• Thu, May 12 2011

Scientists Probe The Mysteries Of The Female Orgasm

It’s 2011. Do you know where your orgasms are? It sort of blows my mind that we’ve gone to the moon and back, explored the ocean floor, and even figured out how to clone a sheep, and yet we still understand so little about the female orgasm, aside from the fact that it feels awesome, of course.

That’s slowly changing, though, and a new study (from those sluts in the Netherlands, ‘natch) might bring us closer to understanding how our own parts work than ever before. According to researcher Janniko Georgiadis at the University of Groningen, a part of the brain called the left orbitofrontal cortex (OFC) actually “switches off” when a woman is having an orgasm, suggesting what Dr. Ruth has been telling us all along: “letting go” is a key part of the process.

Via New Scientist:

“Georgiadis argues that the OFC may be the basis of sexual control – and perhaps only by letting go, so to speak, can orgasm be achieved. He suggests this deactivation may be the most telling example of an ‘altered state of consciousness’ and one not seen, as yet, during any other type of activity.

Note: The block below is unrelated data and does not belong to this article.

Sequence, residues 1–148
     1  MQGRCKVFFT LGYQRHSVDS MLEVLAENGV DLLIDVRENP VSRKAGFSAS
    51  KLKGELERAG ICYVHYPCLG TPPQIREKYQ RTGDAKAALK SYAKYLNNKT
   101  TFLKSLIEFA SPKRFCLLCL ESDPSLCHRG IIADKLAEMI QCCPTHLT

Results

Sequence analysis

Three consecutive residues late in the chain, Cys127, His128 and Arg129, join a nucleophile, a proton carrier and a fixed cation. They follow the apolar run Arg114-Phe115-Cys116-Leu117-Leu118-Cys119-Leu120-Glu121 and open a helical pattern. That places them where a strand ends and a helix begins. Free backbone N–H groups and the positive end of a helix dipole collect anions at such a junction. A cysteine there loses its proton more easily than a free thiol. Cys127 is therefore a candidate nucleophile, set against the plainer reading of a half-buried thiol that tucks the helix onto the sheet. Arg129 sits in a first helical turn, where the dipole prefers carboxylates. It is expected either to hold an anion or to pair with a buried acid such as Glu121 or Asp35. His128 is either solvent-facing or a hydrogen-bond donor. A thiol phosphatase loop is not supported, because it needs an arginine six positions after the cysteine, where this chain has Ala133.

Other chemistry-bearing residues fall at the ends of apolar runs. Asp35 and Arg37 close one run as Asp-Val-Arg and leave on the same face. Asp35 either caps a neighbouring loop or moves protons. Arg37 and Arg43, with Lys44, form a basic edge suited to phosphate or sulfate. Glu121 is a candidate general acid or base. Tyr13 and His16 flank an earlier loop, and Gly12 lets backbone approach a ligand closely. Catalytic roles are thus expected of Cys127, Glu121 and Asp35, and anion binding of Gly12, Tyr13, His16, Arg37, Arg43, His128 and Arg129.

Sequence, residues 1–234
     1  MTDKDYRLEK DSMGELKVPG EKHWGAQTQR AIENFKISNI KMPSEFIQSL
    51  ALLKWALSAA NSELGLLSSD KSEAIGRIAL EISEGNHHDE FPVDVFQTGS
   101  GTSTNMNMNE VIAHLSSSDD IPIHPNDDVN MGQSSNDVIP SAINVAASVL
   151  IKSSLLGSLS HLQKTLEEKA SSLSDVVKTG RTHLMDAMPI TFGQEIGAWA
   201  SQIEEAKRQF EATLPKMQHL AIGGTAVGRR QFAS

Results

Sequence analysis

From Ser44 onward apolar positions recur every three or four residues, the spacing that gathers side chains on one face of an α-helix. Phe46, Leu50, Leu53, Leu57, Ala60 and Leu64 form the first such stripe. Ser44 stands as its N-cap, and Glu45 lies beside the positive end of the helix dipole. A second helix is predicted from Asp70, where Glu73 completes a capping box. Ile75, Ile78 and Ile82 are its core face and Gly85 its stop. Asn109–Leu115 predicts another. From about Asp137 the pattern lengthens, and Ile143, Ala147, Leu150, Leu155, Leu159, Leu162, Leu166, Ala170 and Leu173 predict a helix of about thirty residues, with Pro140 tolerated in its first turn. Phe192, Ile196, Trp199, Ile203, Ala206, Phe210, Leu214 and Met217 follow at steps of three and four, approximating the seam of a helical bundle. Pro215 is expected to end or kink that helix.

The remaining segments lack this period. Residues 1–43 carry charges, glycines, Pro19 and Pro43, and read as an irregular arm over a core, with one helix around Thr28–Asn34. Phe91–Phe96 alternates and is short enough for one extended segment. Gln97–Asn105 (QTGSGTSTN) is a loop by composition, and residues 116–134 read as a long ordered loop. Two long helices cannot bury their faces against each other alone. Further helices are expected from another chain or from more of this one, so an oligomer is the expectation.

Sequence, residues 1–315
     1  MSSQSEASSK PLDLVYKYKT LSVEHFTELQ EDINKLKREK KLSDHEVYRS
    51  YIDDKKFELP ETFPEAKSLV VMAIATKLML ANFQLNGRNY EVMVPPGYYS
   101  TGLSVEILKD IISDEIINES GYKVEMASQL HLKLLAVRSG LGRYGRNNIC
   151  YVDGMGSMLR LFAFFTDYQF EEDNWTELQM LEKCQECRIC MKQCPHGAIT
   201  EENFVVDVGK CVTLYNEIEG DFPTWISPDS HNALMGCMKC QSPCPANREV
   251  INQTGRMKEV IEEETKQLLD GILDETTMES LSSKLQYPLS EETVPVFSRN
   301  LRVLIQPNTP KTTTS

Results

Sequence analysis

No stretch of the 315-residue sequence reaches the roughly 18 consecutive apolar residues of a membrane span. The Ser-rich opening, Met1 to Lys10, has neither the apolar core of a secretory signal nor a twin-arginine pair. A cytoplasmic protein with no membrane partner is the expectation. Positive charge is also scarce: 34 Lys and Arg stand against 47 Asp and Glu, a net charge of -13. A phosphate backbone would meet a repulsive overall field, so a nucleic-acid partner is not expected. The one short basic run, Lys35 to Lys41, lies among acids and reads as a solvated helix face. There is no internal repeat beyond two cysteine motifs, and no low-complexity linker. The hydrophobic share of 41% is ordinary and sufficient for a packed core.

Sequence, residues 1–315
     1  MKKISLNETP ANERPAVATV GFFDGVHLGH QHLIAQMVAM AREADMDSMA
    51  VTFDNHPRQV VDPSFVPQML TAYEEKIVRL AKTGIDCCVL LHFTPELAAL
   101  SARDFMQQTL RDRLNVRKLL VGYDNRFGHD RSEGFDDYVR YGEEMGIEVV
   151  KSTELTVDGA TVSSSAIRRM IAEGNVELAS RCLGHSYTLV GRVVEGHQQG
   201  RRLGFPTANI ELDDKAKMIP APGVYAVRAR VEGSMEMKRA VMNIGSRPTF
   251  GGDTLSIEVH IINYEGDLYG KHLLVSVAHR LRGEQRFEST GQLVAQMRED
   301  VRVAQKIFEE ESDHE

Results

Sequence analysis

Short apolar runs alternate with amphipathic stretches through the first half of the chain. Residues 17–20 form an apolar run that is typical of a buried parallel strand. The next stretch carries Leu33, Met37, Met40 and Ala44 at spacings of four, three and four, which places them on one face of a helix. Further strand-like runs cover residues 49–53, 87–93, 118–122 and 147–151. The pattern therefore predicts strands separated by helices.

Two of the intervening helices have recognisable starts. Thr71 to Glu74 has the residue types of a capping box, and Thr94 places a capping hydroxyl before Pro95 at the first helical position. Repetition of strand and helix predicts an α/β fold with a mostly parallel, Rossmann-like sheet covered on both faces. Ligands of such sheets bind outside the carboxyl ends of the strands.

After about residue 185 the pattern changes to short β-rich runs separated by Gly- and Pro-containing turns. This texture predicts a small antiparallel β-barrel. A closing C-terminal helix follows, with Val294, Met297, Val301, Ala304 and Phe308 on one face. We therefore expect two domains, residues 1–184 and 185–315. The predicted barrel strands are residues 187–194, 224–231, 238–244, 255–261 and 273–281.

‘I don’t think orgasm turns off consciousness but it changes it,’ he says. ‘When you ask people how they perceive their orgasm, they describe a feeling of a loss of control.’ Georgiadis suggests that perhaps orgasm offsets systems that usually dominate attention and behaviour. ‘I’m not sure if this altered state is necessary to achieve more pleasure or is just some side effect,’ he says. It is possible that the inability to let go and reach this altered state may be what prohibits individuals with anorgasmia [inability to orgasm] from reaching climax.”

Could it be that women who have trouble relinquishing control in other aspects of their lives also have trouble doing it when it counts? Or is there no connection whatsoever? This study hasn’t figured that out quite yet. But what they have figured out is that masturbating in an fMRI machine where they can see their brain waves might help women match their brain patterns to the good, sexy kind. This doesn’t sound like the most sensual of settings, but hey, if it works, it works.

The New Scientist article contains much more detailed info about all of this. Read it because it’s interesting, and also because it contains a hilariously academic re-telling of the author herself, um, “participating” in the experiment.

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